Yes, my ancestors may well be the reason for it existing, but the keyword is that: ancestors. A long time ago. Redundant. Old-fashioned. Outdated. We won't be invading the USA anytime soon.

Also, I'm not sure of what UK you talk of, but nobody has been arrested for making jokes about a dog. Nor have MPs tried to overturn the Brexit referendum. They've merely tried to give it proper parliamentary scrutiny - and rightly so. Not sure how the ownership of guns would solve this?

But we digress. The issue here is that guns are legal in the USA, when they don't need to be. Other countries work just fine not having access to handguns, rifles, and whatever else - even communities with deep hunting heritage like the one where I was raised.

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2 minutes ago, electorclark said:

Also, I'm not sure of what UK you talk of, but nobody has been arrested for making jokes about a dog. Nor have MPs tried to overturn the Brexit referendum. They've merely tried to give it proper parliamentary scrutiny - and rightly so. Not sure how the ownership of guns would solve this?

I think he's referring to this:http://www.independent.co.uk/news/uk/crime/paul-golding-jayda-fransen-britain-first-leaders-guilty-religious-muslim-hate-crime-a8244161.html

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19 hours ago, Lyly said:

I am absolutely in agreement that greater gun control is a necessary political goal in the US now (I feel I should get that out of the way first), but I think an even bigger issue is the failure in American popular discourse to address deeper problems that are catalyzed through gun violence, but which exist even without guns. It's interesting that you are coming from a British perspective on this, because it's been the British example that I feel I've learned a lot from.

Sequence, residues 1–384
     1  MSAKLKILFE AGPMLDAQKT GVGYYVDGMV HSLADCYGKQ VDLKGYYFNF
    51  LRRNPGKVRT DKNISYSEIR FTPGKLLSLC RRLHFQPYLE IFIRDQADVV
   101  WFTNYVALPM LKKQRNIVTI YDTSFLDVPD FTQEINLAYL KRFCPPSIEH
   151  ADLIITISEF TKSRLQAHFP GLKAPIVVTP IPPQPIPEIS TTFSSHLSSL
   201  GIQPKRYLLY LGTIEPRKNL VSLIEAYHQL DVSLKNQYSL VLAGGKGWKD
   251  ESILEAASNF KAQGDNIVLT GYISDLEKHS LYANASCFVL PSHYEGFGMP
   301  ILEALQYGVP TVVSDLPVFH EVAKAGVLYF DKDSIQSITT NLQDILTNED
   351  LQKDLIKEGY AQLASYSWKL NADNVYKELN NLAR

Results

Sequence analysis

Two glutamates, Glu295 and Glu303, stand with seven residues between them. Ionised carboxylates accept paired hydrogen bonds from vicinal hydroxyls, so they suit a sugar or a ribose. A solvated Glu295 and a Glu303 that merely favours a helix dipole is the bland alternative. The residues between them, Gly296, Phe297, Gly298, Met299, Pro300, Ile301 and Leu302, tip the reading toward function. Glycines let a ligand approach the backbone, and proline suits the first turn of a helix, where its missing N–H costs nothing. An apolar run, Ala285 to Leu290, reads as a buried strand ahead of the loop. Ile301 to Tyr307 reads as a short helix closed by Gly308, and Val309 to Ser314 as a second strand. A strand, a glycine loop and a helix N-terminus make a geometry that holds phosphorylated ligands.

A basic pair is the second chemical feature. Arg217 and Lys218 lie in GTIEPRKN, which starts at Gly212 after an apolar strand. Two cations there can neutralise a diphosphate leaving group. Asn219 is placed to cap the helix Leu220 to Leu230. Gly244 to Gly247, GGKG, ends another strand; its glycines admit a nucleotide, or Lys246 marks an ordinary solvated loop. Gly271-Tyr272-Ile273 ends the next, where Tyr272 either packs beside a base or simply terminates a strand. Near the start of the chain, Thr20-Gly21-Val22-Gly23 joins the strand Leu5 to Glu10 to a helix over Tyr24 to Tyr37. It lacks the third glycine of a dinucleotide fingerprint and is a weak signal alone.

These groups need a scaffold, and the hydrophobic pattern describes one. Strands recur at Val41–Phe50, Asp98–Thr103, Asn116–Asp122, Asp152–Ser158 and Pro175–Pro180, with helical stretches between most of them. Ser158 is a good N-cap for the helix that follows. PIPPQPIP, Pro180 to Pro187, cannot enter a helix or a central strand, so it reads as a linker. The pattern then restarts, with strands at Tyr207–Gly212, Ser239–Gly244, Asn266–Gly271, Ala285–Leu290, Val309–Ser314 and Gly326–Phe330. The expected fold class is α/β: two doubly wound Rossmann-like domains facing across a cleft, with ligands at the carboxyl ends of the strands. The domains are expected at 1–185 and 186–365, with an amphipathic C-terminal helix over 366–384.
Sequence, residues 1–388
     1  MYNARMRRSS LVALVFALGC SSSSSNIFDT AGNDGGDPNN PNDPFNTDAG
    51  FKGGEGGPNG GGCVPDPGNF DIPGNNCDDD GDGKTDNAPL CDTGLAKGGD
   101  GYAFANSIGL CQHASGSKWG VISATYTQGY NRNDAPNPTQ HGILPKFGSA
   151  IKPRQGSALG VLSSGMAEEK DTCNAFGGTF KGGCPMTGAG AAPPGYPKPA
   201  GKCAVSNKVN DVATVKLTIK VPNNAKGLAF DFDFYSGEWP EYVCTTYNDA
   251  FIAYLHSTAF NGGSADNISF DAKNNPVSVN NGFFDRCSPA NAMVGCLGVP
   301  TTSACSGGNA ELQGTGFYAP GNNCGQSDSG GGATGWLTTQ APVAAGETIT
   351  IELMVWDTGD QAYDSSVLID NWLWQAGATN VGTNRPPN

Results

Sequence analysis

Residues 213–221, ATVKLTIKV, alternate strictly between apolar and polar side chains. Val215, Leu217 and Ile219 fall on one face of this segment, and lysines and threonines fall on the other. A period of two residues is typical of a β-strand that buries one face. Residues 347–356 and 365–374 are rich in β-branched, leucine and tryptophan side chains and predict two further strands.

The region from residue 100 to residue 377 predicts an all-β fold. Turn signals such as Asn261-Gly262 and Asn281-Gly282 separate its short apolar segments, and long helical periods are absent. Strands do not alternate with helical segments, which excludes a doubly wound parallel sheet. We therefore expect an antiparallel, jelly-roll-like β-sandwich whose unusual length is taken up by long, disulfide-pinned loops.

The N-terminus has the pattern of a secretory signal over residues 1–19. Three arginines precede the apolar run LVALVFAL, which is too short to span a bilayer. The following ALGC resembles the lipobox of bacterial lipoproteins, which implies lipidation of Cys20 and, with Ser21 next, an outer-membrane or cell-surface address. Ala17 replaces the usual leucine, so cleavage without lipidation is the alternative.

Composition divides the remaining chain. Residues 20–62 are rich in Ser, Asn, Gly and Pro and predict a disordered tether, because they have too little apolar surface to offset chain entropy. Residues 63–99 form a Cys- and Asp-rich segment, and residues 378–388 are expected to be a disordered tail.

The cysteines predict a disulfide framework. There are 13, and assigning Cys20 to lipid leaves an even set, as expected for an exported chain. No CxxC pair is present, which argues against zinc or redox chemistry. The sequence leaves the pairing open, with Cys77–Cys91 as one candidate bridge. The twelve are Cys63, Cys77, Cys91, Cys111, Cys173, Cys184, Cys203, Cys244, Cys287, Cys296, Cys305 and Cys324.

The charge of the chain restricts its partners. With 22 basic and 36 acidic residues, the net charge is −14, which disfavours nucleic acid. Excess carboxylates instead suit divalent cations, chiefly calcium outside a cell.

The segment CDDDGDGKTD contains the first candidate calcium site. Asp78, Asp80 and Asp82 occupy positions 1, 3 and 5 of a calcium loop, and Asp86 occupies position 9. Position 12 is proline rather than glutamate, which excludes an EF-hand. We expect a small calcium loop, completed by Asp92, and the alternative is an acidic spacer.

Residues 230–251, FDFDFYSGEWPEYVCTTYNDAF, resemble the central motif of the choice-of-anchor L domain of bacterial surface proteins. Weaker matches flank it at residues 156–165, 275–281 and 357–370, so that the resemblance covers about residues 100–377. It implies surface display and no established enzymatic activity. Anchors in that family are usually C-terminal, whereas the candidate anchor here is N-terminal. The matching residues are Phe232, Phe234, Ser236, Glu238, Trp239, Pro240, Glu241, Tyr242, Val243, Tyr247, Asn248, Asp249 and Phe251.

Specifically, it is my understanding that the same antagonisms that characterize violence of all sorts here in the US are present in some way or another in much of the UK - and in this case I'm talking about fatal stabbings that have been rising steadily for years. No guns = no gun deaths is a simple equation, for sure. But it's not removing the violence, the reason or purpose of violence, and it's not resolving the totality of the underlying social issues (which I know we all have divergent views about). In my view, those issues stem from the way society has organized itself since the Industrial Revolution and the advent of capitalist motivations over the prior medieval and other existing ways of life that have since been more and more wiped away.
(quick edit - also to say, I don't want to make these examples equivalent: obviously gun-wielders are capable of producing more deaths than knife-wielders, and that is quite a big part of the argument all to itself, and that's fair)

I don't really want to start a big argument about socialism versus capitalism, but I do want to emphasize that society has changed in ways that we are still working to understand and I think this is an expression of that.

Agree with you very much re knife crime. It is on the rise. There's a vast litany of reasons for this, and I believe that a younger generation - of which most knife crimes can be attributed to - have grown up angry, disenfranchised and raised within violent homes and communities. Not a good thing. 

That said, the volume and number of knife crimes according to population is significantly lower than shootings in the US. What's more, from my own experience, knife crimes are largely centralised within London and surrounding areas. I had never really heard of the issue until moving to the capital, and certainly didn't encounter it much growing up in Yorkshire. 

But agree with your point. I for one am not saying the UK is superior to the US because of crime levels - we need a lot of improvement in terms of social integration, mental health etc - but I know I'm not alone in being deeply shocked by the frequency of shootings in the US, and the lack of legislation surrounding it.

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3 minutes ago, NYrepublican said:

Fair enough. Britain First are less a movement, more a hate group. In the sense they've published videos purporting to show violence of immigrants when they're actually committed by nationals of whatever country. Nobody takes them seriously here.